http://www.mcgill.ca

More articles from Physics and Astronomy:

nachricht Astronomers release most complete ultraviolet-light survey of nearby galaxies
18.05.2018 | NASA/Goddard Space Flight Center

nachricht A quantum entanglement between two physically separated ultra-cold atomic clouds
17.05.2018 | University of the Basque Country

All articles from Physics and Astronomy >>>

The most recent press releases about innovation >>>

Die letzten 5 Focus-News des innovations-reports im Überblick:

Im Focus: Explanation for puzzling quantum oscillations has been found

So-called quantum many-body scars allow quantum systems to stay out of equilibrium much longer, explaining experiment | Study published in Nature Physics

Recently, researchers from Harvard and MIT succeeded in trapping a record 53 atoms and individually controlling their quantum state, realizing what is called a...

Im Focus: Dozens of binaries from Milky Way's globular clusters could be detectable by LISA

Next-generation gravitational wave detector in space will complement LIGO on Earth

The historic first detection of gravitational waves from colliding black holes far outside our galaxy opened a new window to understanding the universe. A...

Im Focus: Entangled atoms shine in unison

A team led by Austrian experimental physicist Rainer Blatt has succeeded in characterizing the quantum entanglement of two spatially separated atoms by observing their light emission. This fundamental demonstration could lead to the development of highly sensitive optical gradiometers for the precise measurement of the gravitational field or the earth's magnetic field.

The age of quantum technology has long been heralded. Decades of research into the quantum world have led to the development of methods that make it possible...

Im Focus: Computer-Designed Customized Regenerative Heart Valves

Cardiovascular tissue engineering aims to treat heart disease with prostheses that grow and regenerate. Now, researchers from the University of Zurich, the Technical University Eindhoven and the Charité Berlin have successfully implanted regenerative heart valves, designed with the aid of computer simulations, into sheep for the first time.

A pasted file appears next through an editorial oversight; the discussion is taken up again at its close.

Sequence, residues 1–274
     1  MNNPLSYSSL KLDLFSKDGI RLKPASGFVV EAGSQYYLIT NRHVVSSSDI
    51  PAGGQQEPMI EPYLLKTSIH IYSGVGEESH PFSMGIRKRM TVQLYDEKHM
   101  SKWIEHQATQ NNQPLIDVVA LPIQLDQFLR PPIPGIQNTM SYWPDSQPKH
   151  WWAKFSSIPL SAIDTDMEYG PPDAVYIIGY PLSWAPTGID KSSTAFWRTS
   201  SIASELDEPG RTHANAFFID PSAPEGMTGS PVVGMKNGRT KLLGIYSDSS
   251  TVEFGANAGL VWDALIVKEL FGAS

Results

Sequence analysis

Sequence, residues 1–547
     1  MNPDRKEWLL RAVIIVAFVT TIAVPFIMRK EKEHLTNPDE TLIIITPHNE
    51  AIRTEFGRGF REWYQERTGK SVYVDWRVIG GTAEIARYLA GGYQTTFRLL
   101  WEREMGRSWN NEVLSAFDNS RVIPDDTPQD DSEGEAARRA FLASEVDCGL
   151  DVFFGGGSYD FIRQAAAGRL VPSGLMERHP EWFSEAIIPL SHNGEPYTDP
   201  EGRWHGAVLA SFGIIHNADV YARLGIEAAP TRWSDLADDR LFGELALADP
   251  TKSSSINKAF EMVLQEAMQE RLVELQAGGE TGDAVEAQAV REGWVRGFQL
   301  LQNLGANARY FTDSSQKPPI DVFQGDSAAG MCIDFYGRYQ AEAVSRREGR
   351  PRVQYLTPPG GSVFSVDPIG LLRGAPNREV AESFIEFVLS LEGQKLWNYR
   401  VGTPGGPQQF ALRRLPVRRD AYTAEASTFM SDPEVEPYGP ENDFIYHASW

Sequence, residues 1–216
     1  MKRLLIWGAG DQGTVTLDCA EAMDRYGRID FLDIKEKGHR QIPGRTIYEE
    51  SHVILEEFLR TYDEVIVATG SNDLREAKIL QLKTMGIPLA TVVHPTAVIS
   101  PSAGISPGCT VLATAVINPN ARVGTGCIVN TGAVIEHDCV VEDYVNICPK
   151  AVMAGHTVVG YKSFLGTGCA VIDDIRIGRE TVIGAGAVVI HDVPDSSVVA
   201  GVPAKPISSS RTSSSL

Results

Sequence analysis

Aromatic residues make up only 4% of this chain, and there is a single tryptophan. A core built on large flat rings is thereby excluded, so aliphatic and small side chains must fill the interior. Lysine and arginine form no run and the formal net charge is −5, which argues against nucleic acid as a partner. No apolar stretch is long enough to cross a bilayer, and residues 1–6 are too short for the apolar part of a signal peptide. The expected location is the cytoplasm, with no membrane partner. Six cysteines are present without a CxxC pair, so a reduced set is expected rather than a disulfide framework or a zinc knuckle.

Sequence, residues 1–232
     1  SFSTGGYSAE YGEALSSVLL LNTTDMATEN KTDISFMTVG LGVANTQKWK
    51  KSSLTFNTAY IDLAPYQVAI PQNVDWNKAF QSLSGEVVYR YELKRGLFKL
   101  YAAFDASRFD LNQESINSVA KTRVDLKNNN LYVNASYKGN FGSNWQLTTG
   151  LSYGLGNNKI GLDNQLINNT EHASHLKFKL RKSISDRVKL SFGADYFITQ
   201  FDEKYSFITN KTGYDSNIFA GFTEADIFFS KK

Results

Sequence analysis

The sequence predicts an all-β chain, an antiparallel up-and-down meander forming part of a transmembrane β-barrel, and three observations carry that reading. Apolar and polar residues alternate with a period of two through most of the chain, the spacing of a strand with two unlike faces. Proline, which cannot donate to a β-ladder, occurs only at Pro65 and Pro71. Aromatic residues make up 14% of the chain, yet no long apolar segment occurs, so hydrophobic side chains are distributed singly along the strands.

Producing living tissue or organs based on human cells is one of the main research fields in regenerative medicine. Tissue engineering, which involves growing...

Im Focus: Light-induced superconductivity under high pressure

A team of scientists of the Max Planck Institute for the Structure and Dynamics of Matter (MPSD) at the Center for Free-Electron Laser Science in Hamburg investigated optically-induced superconductivity in the alkali-doped fulleride K3C60under high external pressures. This study allowed, on one hand, to uniquely assess the nature of the transient state as a superconducting phase. In addition, it unveiled the possibility to induce superconductivity in K3C60 at temperatures far above the -170 degrees Celsius hypothesized previously, and rather all the way to room temperature. The paper by Cantaluppi et al has been published in Nature Physics.

Unlike ordinary metals, superconductors have the unique capability of transporting electrical currents without any loss. Nowadays, their technological...

All Focus news of the innovation-report >>>

Anzeige

Anzeige

VideoLinks
Industry & Economy
Event News

Save the date: Forum European Neuroscience – 07-11 July 2018 in Berlin, Germany

02.05.2018 | Event News

Invitation to the upcoming "Current Topics in Bioinformatics: Big Data in Genomics and Medicine"

13.04.2018 | Event News

Unique scope of UV LED technologies and applications presented in Berlin: ICULTA-2018

12.04.2018 | Event News

 
Latest News

Supersonic waves may help electronics beat the heat

18.05.2018 | Power and Electrical Engineering

Keeping a Close Eye on Ice Loss

18.05.2018 | Information Technology

CrowdWater: An App for Flood Research

18.05.2018 | Information Technology

VideoLinks
Science & Research
Overview of more VideoLinks >>>